“Hold the pickles. Hold the lettuce. Special orders don’t upset us. All we ask is that you will let us serve it your way!” Remember that advertising jingle from Burger King?
The next “c” word in my series is “choice.” Our clients definitely want it, so we compile an unlimited array of options, from the building and design expertise we offer to the colors and finishes on the products we sell. We want to be all things to all people, and our message to the client is, “Have it your way.”
But with so many choices, clients are often confused, and in their confusion, they’re afraid to make a choice because it might be wrong. Psychologists call this consumer behavior “choice overload.”
Research on consumer behavior suggests that choice is demotivating. When clients encounter lots of choices, they often have fun choosing but are ultimately less satisfied with the selections they make. Conversely, clients who choose from fewer options are often happier with their ultimate decisions.
When it comes to choice, abundance is best avoided
Abundant options make clients unhappy because they’re unsure of the resulting decisions and are frequently unable to distinguish good decisions from bad. This is particularly true when decisions have big consequences, like specifying the wrong HVAC system for a museum renovation or purchasing expensive custom-made products that can’t be returned.
Now consider the double whammy of choice overload and the economic uncertainty we find ourselves in now. Is it any wonder why our clients go dark on us? How many clients have pushed you to get them information in a hurry, only to stop returning your phone calls after they have received it? They are paralyzed by the multiplicity of choices and, in a bad economy, are afraid they’ll make the wrong decision.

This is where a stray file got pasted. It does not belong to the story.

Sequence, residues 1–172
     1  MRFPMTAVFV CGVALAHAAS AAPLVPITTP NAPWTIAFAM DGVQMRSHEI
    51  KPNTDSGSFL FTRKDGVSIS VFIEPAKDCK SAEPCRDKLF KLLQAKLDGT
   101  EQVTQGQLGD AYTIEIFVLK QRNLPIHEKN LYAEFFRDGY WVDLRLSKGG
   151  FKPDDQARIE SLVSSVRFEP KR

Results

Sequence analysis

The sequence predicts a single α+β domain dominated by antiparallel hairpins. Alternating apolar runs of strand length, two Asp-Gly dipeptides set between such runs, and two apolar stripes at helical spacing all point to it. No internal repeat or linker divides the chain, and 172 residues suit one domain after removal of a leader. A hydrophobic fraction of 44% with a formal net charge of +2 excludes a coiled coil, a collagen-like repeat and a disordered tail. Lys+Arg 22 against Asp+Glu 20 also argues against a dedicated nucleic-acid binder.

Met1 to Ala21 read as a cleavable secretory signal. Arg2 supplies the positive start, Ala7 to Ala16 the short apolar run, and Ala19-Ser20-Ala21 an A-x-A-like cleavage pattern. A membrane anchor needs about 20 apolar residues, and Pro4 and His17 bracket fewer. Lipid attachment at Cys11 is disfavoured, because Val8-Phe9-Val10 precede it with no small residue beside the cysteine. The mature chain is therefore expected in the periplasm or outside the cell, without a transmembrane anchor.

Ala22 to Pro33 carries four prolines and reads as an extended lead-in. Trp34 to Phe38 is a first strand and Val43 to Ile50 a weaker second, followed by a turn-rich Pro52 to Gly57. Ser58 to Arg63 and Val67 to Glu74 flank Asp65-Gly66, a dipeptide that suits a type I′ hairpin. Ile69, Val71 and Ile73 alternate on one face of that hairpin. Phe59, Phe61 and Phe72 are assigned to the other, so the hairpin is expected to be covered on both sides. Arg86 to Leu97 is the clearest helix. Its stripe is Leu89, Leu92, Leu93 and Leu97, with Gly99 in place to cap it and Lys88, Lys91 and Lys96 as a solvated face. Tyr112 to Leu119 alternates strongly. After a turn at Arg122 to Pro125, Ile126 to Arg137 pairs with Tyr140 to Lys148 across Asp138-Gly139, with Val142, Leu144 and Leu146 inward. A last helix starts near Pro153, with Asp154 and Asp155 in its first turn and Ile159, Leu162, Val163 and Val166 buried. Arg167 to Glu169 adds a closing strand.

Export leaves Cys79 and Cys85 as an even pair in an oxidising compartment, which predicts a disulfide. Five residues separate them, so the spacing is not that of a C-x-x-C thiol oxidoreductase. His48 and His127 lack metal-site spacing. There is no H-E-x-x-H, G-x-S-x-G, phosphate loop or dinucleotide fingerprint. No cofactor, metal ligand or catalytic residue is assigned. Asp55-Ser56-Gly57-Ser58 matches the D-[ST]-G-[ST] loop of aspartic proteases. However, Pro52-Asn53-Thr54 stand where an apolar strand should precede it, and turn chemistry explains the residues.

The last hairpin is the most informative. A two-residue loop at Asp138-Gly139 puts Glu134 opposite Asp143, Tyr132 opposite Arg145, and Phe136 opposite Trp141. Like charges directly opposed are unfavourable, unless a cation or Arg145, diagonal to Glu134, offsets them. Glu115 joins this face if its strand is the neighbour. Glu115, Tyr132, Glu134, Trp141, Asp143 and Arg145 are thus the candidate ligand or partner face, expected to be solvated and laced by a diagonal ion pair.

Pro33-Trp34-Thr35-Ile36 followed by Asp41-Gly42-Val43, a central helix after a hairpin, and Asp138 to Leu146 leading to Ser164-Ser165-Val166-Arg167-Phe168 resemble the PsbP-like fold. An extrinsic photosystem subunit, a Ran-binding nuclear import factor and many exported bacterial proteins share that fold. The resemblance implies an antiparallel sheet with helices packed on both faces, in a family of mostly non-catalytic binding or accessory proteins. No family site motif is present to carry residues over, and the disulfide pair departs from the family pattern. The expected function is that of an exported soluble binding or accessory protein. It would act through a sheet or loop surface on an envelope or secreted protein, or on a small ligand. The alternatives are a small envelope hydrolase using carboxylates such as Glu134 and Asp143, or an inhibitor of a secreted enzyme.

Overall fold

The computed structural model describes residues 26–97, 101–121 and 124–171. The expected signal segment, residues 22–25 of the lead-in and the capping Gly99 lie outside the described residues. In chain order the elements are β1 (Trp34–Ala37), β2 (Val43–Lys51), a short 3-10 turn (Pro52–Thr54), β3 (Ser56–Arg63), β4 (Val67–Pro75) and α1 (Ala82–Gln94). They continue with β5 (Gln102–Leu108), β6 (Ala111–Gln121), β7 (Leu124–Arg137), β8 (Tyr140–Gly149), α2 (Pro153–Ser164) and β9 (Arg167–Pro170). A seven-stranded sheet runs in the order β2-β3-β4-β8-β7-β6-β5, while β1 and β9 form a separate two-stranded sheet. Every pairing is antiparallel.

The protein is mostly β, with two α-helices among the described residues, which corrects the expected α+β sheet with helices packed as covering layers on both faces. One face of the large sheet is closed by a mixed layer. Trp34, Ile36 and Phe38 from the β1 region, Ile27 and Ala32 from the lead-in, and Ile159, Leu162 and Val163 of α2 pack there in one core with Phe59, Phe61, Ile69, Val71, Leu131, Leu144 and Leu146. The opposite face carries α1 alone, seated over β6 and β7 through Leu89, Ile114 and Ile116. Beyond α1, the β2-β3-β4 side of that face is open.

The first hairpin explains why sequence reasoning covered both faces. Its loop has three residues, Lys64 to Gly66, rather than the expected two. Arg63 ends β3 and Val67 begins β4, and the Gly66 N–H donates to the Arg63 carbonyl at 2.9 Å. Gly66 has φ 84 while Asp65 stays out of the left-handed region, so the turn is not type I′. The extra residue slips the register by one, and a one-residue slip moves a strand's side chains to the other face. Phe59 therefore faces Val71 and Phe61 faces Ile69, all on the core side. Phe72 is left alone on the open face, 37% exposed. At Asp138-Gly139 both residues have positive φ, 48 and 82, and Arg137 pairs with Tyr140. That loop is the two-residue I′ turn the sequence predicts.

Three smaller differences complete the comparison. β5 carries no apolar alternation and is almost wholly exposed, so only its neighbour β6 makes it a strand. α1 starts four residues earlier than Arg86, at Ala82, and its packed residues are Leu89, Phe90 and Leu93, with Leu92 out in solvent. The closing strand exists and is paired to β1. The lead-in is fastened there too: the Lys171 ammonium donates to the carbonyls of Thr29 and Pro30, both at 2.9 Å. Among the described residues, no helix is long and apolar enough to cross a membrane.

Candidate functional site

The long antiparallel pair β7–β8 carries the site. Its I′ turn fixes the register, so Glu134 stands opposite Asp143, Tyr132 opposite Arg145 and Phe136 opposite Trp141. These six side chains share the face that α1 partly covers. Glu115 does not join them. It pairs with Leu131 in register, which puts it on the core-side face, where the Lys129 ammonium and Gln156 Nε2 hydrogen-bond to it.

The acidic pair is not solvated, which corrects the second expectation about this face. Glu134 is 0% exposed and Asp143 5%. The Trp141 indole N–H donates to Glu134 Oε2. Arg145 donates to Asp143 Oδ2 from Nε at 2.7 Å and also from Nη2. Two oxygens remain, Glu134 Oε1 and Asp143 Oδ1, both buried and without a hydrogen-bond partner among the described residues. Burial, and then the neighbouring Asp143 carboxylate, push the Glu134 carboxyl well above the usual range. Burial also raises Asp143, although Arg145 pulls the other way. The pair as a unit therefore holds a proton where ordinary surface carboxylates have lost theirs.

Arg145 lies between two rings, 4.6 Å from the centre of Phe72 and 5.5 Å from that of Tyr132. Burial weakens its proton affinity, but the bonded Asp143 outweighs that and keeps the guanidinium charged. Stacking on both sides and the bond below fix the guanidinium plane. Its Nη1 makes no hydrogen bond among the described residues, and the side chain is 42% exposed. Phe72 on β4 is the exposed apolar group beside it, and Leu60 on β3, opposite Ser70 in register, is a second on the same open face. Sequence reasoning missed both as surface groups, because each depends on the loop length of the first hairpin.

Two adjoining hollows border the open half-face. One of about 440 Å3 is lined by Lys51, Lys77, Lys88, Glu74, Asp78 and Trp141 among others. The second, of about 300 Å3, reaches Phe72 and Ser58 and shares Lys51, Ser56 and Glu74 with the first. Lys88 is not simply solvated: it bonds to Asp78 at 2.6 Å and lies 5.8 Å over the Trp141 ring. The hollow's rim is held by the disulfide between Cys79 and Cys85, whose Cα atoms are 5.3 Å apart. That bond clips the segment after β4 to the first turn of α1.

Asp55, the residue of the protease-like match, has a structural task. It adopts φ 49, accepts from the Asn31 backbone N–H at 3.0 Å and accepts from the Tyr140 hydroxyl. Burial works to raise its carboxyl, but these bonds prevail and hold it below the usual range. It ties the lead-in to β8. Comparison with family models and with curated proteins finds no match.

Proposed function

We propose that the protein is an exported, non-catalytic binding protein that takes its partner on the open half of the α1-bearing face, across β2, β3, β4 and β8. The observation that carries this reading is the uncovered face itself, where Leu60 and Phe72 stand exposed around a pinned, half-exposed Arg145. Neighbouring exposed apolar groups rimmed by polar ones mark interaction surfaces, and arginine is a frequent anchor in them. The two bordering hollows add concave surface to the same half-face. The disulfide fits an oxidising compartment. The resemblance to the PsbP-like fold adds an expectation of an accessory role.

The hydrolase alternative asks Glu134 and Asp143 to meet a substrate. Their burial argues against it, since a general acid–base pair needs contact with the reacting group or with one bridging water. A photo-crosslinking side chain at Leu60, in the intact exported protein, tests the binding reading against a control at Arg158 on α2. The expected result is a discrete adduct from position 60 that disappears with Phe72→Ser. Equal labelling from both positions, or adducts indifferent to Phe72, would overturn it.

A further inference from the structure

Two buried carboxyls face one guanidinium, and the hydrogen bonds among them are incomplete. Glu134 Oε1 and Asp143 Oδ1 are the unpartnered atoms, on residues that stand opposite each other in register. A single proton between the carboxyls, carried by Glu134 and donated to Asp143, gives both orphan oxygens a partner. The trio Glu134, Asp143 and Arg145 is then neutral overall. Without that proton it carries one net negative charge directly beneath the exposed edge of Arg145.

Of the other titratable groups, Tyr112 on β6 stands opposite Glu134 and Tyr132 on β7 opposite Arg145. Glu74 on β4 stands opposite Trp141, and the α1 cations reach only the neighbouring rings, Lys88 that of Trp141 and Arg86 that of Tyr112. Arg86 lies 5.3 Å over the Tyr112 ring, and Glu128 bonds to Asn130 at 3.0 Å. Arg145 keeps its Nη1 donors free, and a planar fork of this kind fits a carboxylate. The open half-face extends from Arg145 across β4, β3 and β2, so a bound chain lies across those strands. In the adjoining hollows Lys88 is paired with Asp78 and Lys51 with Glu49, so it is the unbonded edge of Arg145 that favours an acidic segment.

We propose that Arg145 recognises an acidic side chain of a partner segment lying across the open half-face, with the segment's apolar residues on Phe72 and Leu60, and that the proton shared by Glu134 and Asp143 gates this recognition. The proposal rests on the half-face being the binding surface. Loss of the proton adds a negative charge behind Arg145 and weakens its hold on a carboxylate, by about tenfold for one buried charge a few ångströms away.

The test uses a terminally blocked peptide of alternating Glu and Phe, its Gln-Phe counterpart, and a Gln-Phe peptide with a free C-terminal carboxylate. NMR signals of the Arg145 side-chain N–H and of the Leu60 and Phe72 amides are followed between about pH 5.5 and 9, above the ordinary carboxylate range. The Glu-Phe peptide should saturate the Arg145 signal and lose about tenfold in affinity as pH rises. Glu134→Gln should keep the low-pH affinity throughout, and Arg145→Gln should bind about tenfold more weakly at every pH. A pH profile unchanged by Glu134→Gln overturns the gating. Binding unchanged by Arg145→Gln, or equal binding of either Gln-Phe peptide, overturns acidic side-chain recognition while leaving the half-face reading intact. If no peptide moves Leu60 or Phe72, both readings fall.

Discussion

Does having lots of choices give clients freedom and flexibility, or does it confuse and stifle them? People are so busy doing more with less they don’t have time to sort through the countless choices we present. Or worse, because they have no real intention to spend money now, they waste time while enjoying the process of choosing.
Ask anyone in the traditional building business now, “Are you busy?” They often answer, “Yes!” Then ask, “Are you selling anything?” “Not much,” they often reply. Are we trying to do too much? Are we trying to be all things to all people, dazzling clients with a dizzy, and demotivating, array of choices and options?
The more freedom they have to choose, the more our clients rely on institutions and other people, especially experts like you. What if we were able to make decision-making easier by limiting the choices we present but presenting what we have more expertly? What if we made it simple to choose? Who knows? Maybe clients would choose to spend more.